Acclaimed photographer Dan Budnik captured American history during his time working for Magnum Photos. In fact, he was standing right behind Martin Luther King in Washington, D.C. when King delivered his iconic ‘I Have A Dream” speech. Budnik’s rare original silver gelatin photographs from two bodies of work,”Marching to the Freedom Dream: Civil Rights Movement 1950-1960s” and “Picturing Artists: Artists in Their Studios 1950-1970s,” are currently on display at Telluride Gallery.
Budnik is no stranger to Telluride. In years past, the Gallery mounted shows featuring his extraordinary perspective of the Civil Rights movement, images date back to the early 1950s, when he was a student at the Art Students’ League in New York. This documentation of the Civil Rights Marches in Selma, Montgomery and Washington DC provides an intimate look at the participants and supporters.
“I was on my way to Paris to study with Cartier Bresson’s teacher Andre Lhote, but first I had to stop in New York to get a passport. The bureaucrats wouldn’t give me the document without a letter from my draft board, because of America’s so-called ‘involvement’ in Korea. (We were not yet officially at war.) Frustrated at being denied, I kicked a can up 57th Street. The can landed in front of the Art Student’s League. The next morning I signed up for classes,” Budnik explained in a past interview.
Right after WWII, New York City, no longer Paris, became the center of the art world, and a (largely) boy’s club known as the Abstract Expressionists became superstars. In 2015, the Telluride Gallery exhibited color photographs from the “Picturing Artists” series, highlighting unique darkroom prints that capture a behind-the-scenes perspective of some of America’s most famous Abstract Expressionists.
“Dan Budnik’s portraits of fine artists intrigued me. I became motivated to dig deeper into their work and learn more about art history,” said Baerbel Hacke, director, Telluride Gallery of Fine Art.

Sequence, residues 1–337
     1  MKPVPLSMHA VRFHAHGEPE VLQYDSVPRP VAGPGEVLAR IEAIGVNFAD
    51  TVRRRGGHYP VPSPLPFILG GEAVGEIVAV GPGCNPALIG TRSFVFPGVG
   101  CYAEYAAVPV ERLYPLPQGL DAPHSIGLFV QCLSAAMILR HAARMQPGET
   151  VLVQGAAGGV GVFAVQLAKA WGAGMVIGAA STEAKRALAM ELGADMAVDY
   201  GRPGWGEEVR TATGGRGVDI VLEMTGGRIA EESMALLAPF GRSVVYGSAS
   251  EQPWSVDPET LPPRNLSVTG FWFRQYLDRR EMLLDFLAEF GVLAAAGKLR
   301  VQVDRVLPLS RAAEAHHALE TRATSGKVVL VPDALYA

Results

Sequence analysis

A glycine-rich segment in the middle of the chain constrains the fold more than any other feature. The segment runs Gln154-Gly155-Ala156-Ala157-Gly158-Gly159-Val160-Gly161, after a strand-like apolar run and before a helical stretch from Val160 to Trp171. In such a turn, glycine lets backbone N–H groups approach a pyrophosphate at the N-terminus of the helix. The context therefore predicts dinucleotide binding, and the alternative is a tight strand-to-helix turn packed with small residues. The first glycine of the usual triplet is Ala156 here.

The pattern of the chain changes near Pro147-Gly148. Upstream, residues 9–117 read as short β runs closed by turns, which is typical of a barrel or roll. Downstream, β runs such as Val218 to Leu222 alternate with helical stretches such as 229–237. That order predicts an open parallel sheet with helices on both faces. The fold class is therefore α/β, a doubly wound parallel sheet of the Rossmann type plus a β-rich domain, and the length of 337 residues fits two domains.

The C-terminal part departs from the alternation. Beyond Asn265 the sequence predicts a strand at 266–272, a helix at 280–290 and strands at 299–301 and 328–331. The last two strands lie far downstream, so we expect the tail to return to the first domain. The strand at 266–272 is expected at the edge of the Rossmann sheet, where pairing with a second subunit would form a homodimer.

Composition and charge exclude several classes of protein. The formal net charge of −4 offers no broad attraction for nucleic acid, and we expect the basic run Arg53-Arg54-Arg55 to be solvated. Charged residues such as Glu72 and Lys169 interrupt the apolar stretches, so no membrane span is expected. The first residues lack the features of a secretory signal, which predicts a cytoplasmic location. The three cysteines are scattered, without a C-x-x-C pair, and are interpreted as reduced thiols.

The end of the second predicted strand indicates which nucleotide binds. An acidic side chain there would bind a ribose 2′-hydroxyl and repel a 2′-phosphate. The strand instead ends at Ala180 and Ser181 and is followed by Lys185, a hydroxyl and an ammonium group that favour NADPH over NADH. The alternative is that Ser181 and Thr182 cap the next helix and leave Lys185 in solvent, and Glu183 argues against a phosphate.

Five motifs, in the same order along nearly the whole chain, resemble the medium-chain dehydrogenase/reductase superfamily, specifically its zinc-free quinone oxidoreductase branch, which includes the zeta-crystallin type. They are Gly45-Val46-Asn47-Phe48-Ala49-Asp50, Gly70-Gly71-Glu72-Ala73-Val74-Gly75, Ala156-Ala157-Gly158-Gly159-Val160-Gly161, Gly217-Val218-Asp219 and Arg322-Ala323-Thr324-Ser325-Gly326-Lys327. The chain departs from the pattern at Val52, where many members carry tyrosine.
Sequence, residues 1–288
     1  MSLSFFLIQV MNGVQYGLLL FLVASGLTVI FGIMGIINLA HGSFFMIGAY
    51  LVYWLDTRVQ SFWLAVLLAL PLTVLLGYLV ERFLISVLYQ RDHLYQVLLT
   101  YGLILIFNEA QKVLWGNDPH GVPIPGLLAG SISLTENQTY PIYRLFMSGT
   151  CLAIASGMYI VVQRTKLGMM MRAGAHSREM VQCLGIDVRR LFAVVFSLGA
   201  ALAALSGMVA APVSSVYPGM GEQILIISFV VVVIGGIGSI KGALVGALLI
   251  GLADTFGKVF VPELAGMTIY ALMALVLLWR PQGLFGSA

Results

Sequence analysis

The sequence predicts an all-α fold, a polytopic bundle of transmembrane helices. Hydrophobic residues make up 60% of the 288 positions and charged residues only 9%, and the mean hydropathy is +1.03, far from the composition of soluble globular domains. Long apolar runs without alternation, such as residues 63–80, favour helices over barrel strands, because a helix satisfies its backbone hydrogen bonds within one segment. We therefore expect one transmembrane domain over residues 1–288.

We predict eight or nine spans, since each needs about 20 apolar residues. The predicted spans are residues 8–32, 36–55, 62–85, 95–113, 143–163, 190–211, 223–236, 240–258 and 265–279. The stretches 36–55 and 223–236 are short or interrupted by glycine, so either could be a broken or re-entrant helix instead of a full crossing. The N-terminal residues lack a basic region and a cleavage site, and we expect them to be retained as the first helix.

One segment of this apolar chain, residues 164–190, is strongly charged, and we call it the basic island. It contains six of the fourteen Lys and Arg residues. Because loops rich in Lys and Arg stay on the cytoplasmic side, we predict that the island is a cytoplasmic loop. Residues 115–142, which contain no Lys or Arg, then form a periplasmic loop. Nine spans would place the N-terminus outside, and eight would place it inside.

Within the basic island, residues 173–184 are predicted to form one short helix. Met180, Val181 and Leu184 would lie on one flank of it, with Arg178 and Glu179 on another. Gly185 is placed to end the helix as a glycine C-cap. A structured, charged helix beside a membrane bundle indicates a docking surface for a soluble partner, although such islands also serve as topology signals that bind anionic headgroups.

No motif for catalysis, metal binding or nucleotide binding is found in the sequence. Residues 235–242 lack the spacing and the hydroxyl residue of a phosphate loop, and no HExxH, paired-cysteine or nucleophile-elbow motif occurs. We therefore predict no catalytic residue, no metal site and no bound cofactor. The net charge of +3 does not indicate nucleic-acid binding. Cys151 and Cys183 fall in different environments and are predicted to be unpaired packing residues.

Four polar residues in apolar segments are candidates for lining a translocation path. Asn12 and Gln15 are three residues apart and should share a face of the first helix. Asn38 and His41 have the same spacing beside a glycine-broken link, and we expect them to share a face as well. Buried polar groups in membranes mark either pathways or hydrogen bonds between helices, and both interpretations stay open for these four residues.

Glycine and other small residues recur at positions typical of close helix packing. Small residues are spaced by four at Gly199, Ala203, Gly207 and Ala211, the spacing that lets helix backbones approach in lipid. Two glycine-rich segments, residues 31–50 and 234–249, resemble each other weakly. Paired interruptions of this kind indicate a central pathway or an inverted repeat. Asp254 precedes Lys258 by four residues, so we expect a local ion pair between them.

Ah Haa School for the Arts’ “Body of Work”:
The human body is one of the most enduring themes in visual arts. Over millennia, artists interpreted the human form as a means of understanding identity, as portraits and expressions of the self, in imaginative shapes, and they did so in humorous ways, or as a way to communicate and connect with the viewer.
This year, the Ah Haa School’s annual regional exhibition celebrates the human body. The juried exhibition, “Body of Work,” highlights work across that reflects all interpretations of the human form.
Regional artists located within 150 miles of Telluride were invited to submit works in all mediums: painting, ceramics, sculpture, printing, fiber, metals, photography and other, that interpret or celebrate the human form.
Submitted works had to embrace the form, figure, function, or face of the human body.
Four cash prizes are scheduled to be awarded: $500 for 1st place, $250 for 2nd place, $100 for 3rd place and People’s Choice Award.
Jurors are Baerbel Hacke, Julie McNair and David Holbrooke.
Art Walk venues, February 2018:
Ah Haa School for the Arts
Baked in Telluride
La Cocina de Luz
MIXX projects + atelier
Slate Gray Gallery
Telluride Arts HQ Gallery
Telluride Gallery of Fine Art
Telluride Music Co.
The Turquoise Door Gallery
Tony Newlin Gallery